• training of officers preparing for peace missions, as part of efforts to increase the number of women deployed and enhance their ability to combat gender-based violence has influenced recruitment and deployment of female police to peacekeeping missions such as Darfur.

Results (as of 2009) include:

  • Training of 250 police officers from community policing committees from all five police regions on Standard Operating Procedures of prevention of and response to GBV

  • Sensitization of 80 females from the Rwanda National Police Women’s Network (e.g. police officers, Rwanda Defense Force Gender desk and youth representatives from schools) from 5 regions on use of the GBV Standard Operating Procedures

  • Training of 166 GBV Desk police officers on gender-based violence from a human rights and security perspective as well as on investigation

  • Training of 45 police officers in psycho-social counseling

  • Improved operational capacities (acquiring 15 motorcycles) to ensure rapid response to cases, particularly in rural areas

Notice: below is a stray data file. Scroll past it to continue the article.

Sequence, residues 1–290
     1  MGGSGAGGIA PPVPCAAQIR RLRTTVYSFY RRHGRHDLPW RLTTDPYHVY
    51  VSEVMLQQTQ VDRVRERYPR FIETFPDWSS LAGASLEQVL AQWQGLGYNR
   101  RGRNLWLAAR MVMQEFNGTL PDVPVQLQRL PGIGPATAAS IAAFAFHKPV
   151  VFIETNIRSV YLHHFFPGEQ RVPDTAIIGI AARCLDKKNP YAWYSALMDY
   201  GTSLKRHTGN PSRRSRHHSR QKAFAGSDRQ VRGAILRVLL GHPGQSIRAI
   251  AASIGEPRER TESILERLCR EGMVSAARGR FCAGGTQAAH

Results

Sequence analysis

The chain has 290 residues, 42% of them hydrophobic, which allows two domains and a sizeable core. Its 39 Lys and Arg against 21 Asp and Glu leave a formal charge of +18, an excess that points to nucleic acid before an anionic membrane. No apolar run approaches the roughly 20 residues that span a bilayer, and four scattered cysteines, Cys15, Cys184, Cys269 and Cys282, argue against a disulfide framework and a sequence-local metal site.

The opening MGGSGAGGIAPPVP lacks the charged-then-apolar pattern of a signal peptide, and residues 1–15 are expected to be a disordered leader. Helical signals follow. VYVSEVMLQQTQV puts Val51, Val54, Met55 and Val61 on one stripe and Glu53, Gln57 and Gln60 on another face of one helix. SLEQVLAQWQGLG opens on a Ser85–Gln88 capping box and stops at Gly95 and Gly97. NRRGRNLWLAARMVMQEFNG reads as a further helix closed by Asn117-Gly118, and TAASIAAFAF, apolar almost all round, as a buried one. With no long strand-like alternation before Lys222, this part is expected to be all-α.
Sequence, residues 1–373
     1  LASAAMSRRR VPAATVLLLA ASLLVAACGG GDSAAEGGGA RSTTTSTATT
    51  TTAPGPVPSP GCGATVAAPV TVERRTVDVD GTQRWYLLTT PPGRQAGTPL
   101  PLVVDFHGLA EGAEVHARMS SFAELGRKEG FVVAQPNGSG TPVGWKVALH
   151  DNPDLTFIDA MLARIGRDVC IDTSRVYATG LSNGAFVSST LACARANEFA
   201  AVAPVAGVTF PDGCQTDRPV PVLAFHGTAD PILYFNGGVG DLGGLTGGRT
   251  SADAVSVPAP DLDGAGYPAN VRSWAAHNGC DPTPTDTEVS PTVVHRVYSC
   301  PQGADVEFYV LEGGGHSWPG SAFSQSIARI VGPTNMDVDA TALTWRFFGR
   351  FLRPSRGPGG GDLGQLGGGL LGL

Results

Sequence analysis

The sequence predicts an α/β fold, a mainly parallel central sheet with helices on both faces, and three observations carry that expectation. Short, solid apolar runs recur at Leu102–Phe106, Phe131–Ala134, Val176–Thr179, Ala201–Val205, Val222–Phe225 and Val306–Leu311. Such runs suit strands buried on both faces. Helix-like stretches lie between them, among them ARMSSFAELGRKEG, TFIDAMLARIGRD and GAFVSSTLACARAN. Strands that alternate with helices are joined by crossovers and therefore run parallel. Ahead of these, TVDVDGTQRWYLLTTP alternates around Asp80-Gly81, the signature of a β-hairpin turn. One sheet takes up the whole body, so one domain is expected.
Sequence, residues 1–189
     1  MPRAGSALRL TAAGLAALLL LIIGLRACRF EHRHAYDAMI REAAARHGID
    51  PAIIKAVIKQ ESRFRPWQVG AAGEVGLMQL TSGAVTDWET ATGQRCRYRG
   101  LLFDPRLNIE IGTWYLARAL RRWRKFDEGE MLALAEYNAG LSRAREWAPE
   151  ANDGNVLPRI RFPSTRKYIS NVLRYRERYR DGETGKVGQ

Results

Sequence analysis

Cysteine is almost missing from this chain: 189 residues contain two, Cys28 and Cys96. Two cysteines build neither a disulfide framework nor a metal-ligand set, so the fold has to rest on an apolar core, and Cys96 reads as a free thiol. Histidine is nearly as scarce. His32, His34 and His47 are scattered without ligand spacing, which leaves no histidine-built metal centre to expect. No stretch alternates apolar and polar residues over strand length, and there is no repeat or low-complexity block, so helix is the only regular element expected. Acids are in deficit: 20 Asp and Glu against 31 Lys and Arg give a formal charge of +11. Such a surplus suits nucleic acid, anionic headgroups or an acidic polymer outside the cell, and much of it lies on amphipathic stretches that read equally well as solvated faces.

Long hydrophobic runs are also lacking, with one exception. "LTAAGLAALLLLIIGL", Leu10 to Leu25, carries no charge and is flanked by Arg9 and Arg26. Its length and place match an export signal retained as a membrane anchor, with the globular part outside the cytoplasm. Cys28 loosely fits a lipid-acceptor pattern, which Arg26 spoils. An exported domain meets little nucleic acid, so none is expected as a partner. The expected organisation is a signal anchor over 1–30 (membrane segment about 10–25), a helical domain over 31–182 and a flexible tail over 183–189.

• Strengthened collaboration with the Rwanda Defense Forces, including a training of 70 military officers in Kigali City

  • Enhanced partnerships with key stakeholders such as local governments, Rwanda Defense Forces, medical, psychosocial and legal service providers and women’s rights advocates.

  • Enhanced sensitization and awareness among communities, local governments (e.g. in Gasabo District and Kigali City), schools (400 teachers and students trained), women cooperatives (300 members trained in Musanze und Gicumbi districts), religious leaders and faith-based organizations

  • Formation of a regional network on sports for social change targeting prevention and response

  • Development and dissemination of sensitization materials (posters, brochures, magazines, stickers, calendars) for communities

  • Enhanced monitoring, collection and analysis of data across the country

  • Increased reports and effective interventions in gender-based violence

  • Increased access to medical, psychosocial and legal services for survivors

  • Influenced establishment of a network of Rwandan female police in Rwanda for enhanced response to GBV and networking

Excerpt from Case Study: UNIFEM .2009. Establishment of Rwanda National Police Gender Desk (2005-present). UNIFEM. Kigali.